J. Phys. Chem. B,102 (10), 1797 -18051998.
Copyright © 1998 American Chemical Society

Rotation of Structural Water inside a Protein: Calculation of the Rate and Vibrational Entropy of Activation

Stefan Fischer*

Computational and Structural Chemistry, Hoffmann-La Roche/Pharma Research, C H-4070 Basel, Switzerland

Chandra S. Verma* andRoderick E. Hubbard

Protein Structure Group, Department of Chemistry, University of York, U.K.

Received: September 10, 1997
In Final Form: December 10, 1997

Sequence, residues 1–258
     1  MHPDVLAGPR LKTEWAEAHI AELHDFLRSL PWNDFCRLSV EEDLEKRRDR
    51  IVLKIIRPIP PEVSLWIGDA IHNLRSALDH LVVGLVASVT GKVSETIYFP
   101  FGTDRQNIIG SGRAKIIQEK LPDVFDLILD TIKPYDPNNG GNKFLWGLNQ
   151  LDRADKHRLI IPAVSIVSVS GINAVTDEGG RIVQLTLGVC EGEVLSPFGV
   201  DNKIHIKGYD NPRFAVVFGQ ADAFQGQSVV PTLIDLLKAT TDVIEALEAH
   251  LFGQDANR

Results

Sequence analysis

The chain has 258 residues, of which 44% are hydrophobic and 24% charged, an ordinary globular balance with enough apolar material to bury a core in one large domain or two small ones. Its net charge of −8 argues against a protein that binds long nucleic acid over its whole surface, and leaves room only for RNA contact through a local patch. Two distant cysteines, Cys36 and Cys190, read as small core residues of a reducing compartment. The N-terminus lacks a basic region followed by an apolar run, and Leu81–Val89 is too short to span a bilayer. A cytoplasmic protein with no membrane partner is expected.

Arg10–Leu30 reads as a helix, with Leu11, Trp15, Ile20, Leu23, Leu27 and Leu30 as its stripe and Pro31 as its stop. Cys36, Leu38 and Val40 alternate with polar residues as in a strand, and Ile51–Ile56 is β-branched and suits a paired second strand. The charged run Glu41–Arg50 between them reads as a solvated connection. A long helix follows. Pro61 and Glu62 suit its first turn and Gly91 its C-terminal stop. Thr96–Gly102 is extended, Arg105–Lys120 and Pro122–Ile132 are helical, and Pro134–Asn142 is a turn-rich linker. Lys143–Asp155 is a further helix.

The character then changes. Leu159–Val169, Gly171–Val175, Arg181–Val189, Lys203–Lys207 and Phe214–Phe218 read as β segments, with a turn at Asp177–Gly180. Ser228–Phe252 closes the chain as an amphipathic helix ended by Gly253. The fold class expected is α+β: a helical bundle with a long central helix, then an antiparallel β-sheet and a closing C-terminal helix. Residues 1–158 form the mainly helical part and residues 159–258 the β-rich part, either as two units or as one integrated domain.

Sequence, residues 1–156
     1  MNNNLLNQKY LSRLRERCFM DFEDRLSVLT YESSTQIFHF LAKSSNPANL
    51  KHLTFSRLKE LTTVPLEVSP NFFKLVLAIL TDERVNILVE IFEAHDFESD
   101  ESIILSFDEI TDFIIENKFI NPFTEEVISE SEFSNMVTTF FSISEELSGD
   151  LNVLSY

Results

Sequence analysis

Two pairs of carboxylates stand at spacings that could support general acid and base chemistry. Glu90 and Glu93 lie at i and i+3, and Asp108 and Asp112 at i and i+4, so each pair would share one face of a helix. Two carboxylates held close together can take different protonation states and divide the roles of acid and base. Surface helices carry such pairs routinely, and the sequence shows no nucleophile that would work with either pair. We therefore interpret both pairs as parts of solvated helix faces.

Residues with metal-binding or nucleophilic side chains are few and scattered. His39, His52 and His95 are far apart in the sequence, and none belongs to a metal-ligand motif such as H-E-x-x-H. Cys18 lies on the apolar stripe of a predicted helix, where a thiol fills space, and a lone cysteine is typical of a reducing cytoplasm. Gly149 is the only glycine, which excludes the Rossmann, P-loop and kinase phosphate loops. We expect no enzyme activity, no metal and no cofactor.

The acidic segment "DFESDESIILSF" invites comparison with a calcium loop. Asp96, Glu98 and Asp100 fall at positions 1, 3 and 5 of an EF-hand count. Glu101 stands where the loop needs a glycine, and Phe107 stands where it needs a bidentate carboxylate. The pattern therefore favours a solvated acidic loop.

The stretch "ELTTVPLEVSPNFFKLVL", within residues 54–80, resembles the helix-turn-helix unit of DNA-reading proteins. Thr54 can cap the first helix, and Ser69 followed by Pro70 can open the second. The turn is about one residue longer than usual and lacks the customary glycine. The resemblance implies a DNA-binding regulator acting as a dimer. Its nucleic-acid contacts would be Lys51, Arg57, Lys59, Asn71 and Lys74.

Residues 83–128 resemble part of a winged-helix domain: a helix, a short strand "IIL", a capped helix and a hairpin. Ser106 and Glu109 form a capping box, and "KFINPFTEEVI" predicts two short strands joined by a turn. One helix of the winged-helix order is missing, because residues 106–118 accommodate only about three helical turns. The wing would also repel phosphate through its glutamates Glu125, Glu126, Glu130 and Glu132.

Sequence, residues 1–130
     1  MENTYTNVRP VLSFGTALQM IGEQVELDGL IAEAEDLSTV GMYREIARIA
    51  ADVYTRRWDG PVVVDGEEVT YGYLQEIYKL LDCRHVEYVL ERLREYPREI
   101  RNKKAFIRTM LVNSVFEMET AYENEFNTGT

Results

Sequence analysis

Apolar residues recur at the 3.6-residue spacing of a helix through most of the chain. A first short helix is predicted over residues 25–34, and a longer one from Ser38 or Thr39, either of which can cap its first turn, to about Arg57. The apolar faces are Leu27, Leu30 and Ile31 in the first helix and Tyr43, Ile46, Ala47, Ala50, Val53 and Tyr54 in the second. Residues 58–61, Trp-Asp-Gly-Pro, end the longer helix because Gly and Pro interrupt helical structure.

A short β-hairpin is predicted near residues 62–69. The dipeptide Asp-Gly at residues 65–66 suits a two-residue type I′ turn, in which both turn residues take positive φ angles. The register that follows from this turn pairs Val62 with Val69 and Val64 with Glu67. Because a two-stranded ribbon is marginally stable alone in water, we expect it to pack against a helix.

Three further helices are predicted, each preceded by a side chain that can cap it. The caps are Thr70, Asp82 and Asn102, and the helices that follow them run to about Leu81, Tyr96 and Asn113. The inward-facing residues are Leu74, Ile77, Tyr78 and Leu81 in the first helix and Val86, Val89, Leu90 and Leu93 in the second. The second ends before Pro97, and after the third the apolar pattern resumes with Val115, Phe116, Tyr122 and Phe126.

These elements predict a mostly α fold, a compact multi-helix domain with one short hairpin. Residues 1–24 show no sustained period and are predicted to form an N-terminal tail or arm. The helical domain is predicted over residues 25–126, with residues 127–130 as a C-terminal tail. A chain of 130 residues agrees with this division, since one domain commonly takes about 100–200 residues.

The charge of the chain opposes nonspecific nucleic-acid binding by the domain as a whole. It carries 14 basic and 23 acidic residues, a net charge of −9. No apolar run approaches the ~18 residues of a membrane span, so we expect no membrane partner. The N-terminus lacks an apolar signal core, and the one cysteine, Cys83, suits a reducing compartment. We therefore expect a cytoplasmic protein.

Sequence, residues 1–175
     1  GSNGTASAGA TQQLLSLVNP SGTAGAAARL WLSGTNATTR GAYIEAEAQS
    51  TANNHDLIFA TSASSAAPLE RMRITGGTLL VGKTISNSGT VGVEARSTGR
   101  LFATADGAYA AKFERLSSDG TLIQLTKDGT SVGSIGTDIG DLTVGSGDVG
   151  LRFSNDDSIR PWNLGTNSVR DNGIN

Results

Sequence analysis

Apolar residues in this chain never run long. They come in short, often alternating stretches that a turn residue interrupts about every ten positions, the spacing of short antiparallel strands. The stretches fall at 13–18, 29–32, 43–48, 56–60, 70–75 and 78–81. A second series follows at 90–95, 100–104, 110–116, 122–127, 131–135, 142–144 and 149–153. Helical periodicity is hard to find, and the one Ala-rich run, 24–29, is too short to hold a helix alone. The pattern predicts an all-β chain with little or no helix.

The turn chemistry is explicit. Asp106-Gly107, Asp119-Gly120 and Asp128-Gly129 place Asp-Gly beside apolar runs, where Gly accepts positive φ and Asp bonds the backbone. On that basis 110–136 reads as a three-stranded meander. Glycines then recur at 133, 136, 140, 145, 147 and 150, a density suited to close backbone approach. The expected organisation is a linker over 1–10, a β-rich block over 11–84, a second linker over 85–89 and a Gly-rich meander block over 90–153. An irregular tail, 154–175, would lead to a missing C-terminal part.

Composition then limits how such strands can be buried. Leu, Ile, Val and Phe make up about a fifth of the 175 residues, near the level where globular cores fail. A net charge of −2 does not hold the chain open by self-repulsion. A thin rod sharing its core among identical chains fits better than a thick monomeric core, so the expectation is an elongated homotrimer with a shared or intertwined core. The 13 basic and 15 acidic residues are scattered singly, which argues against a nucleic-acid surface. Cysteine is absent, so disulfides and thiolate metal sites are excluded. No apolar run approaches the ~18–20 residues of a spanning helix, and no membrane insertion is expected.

Water molecules buried inside a protein are often considered as an integral part of the structure and are increasingly used as NMR probes to study the dynamics of proteins (Denisov, V.; Peters, J.; Horlein, H. D.; Halle, B. Nat. Struct. Biol. 1996, 3, 505). The present calculations give new insights into the mobility of such structural water. Reaction path calculations using conjugate peak refinement (Fischer, S.; Karplus, M. Chem. Phys. Lett. 1992, 194, 252) are carried out to compute the transition state and activation energy (9.7 kcal mol-1) for the rotation of a water molecule buried in the protein bovine pancreatic trypsin inhibitor. These are compared to the values calculated (10-12.3 kcal mol-1) for the same process in ice, for which the experimental value has been determined (12.8 ± 0.9 kcal mol-1). The process, which results in the interchange of the two water hydrogens, is similar in both systems. It is not a simple C2-flip of the buried water, but a complex motion involving two successive rotations around orthogonal axes. A normal-mode analysis performed on the ground and transition states of the protein enables the correction for the vibrational entropy to be included in the derivation of the rotational correlation time (45 ns) of the buried water. Vibrational frequencies up to 620 cm-1 are found to contribute, thus requiring the inclusion of quantum effects. A fluctuation frequency of 20-50 cm-1 along the curvilinear reaction path is derived, which leads to a vibrational entropy of activation of 8.6 cal mol-1 K-1.